Maybe Auckland would get more market gardeners (and relate rural businesses) on those small rural properties adjacent to Auckland once the land bankers have been dealt to?

It looks like Auckland's market gardeners are being displaced by the regions now. Auckland is selling off it's land, so expect a hike in fruit and vegetable prices because transport costs are increasing too. Good for provincial NZ, bad for Auckland.

There is a fight back on that TainuiBabe as people realise the huge cost to this country of building houses on elite soils as there are in Pukekohe for example. People are waking up to the option of imported food or fresh local grown produce. National did a handshake agreement with China to import Organic food. Seriously! There are the McMansions that probably can afford the gardener, cleaner etc but that is not what most Lifestyle Blocks are used for. Many are producing products for local markets etc. and as said above - for the lifestyle their family enjoys. My grown children would not have missed that for the world.

I detect a tapering off on new listing numbers since Monday?

All seasonal mate.. ppl dont want to list their properties this close to christmas. Happens every year.. last week was the last week for a big surge in new listings. Watch it fire back up early Feb

Here is the full 'speech from the throne' read by the Governor General on intent of her government wrt housing matters.

"This government will take steps to improve our resource management system, with better spatial planning and better enforcement. An urban development agency will be introduced, and more emphasis placed on public transport and light rail.
This government will remove the Auckland urban growth boundary and free up density controls. New developments, both in Auckland and the rest of New Zealand, will be able to be funded through innovative new financing methods like infrastructure bonds. This government will also give Auckland Council the ability to implement a regional fuel tax.
To help ease pressures on our housing, infrastructure and public services, this government will make sure we get our immigration settings right. It will cut down on low quality international education courses and will ensure work visas issued reflect genuine skill shortages.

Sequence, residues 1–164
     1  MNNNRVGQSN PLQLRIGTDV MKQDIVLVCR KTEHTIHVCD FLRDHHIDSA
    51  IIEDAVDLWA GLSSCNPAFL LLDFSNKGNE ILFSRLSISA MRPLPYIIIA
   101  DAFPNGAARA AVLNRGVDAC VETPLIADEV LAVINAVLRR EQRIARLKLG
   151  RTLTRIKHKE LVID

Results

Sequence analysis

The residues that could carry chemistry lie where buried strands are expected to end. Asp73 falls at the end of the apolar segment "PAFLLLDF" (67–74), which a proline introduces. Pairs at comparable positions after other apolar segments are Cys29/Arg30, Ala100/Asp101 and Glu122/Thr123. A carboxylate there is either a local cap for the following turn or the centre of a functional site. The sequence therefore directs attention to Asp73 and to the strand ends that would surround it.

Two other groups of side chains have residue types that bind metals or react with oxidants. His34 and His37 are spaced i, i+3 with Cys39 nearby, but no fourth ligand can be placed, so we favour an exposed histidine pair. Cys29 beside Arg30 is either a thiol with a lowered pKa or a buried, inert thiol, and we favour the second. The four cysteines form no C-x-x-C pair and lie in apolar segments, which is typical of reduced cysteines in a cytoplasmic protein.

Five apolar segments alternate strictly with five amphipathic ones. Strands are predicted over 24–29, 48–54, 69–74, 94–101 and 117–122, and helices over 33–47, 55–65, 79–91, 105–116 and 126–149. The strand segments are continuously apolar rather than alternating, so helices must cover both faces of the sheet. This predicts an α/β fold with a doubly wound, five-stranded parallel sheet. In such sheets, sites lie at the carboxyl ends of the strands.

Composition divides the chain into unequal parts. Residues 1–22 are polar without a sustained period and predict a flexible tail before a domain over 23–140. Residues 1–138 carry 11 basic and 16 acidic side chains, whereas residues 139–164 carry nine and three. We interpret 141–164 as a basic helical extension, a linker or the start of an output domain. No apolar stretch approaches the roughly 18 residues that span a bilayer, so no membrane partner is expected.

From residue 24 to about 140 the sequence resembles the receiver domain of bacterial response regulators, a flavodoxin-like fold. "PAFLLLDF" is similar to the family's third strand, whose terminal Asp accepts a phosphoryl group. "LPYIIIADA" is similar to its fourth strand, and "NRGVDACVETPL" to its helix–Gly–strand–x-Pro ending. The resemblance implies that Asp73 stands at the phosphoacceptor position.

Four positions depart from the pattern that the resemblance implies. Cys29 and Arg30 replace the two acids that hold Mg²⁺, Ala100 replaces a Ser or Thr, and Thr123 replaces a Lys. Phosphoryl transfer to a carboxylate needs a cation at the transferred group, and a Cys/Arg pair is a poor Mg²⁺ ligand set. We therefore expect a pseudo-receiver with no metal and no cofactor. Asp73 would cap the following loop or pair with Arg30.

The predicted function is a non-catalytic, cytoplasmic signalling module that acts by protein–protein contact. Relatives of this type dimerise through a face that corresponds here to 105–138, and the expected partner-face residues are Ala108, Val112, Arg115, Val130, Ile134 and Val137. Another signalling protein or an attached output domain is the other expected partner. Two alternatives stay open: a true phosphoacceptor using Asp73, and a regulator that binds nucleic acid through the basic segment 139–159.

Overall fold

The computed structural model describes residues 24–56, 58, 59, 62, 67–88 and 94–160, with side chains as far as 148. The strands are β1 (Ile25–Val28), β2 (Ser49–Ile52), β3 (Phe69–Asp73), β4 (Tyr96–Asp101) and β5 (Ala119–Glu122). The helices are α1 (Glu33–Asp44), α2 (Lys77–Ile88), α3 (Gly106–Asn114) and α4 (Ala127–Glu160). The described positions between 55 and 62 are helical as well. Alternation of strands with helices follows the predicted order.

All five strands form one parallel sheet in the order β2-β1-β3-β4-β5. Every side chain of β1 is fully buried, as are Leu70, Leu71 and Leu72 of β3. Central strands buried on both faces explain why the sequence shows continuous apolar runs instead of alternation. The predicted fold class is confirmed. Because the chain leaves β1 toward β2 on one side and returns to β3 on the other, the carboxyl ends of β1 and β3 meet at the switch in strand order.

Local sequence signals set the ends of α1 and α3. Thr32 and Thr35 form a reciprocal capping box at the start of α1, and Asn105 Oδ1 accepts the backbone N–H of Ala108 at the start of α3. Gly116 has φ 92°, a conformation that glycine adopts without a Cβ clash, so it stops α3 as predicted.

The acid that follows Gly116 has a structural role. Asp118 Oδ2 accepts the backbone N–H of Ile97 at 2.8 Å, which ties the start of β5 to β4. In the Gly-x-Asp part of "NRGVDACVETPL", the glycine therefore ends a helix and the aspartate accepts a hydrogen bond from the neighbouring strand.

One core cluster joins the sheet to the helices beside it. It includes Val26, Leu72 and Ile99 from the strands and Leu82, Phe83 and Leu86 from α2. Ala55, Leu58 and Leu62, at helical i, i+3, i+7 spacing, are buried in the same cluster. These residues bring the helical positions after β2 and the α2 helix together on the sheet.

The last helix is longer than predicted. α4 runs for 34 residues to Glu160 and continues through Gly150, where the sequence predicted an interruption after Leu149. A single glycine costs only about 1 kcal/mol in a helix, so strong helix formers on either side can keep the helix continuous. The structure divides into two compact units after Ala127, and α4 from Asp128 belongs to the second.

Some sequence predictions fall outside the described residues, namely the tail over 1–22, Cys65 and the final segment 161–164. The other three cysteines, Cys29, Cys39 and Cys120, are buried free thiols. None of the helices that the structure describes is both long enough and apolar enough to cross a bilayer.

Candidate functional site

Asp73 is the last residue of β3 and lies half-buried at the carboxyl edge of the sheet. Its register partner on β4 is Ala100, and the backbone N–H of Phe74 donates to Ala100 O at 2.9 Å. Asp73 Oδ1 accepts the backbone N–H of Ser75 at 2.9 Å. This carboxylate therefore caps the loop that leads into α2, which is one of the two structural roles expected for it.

Housing is a top priority for this government. Action will be taken to address homelessness. State house sell offs will stop. And the State will take the lead in building affordable houses. Through its Kiwibuild programme, this government pledges to build 100,000 high quality, affordable homes over the next 10 years; half of them in Auckland.
A Housing Commission will work with the private sector, councils and iwi to cut through red tape, undertake major projects and ensure new, affordable homes are built rapidly.
This work will begin immediately, as part of this government’s 100 Day Plan. To boost the workforce, employers will be financially supported to train 4000 young people as apprentices, including on-the-job construction training.
High demand for housing will be dealt with by cracking down on speculators who are pushing prices out of reach of first home buyers. Foreign speculators will be banned from buying existing New Zealand homes. A comprehensive register of foreign-owned land and housing will be created, and the Overseas Investment Act will be strengthened.
The ‘bright line test’ will be extended, so income tax is paid on any gains from the sale of residential property bought and sold within five years. Speculators will also no longer be able to use tax losses on rental properties to offset tax on other income.
This government will make life better for renters. A ‘Rent to Own’ scheme will be developed. All rental properties will be required to meet standards for insulation, heating and drainage. Funding for home insulation in general will be boosted and a Winter Energy payment will be introduced for superannuitants and those receiving main benefits. This government aims to ensure that every New Zealander has access to a warm, dry, safe home."

I could not have said this better, seriously. I can't find a single thing I will change from the above speech. Its as if they read my mind. It covers all the bludger segments
- immigration
- education
- speculation
- taxation
- investation (spelling intended)

I agree too -it is a comprehensive approach to fixing the housing crisis. I think it would be stupid to speculate against the political will of this coalition government wrt its intent on removing the impediments for New Zealanders being able to access adequate housing (affordable, good quality, safe, warm, dry...). There has been signal after signal that the government is genuinely going to implement its housing campaign promises.

They have no chance of achieving what they have boasted they will. The resources to build the additional numbers that are said to be needed, simply don't exist and cannot be conjured up in the timeframes required.

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That's fine. If the implement everything else, we won't need 100,000 new houses.

Why would lifestyle block owners rush to sell before the council re-zones the area they are in?
I would think that if they were in it for the money they would wait until the zoning is changed to allow more intensive development and then either develop or sell.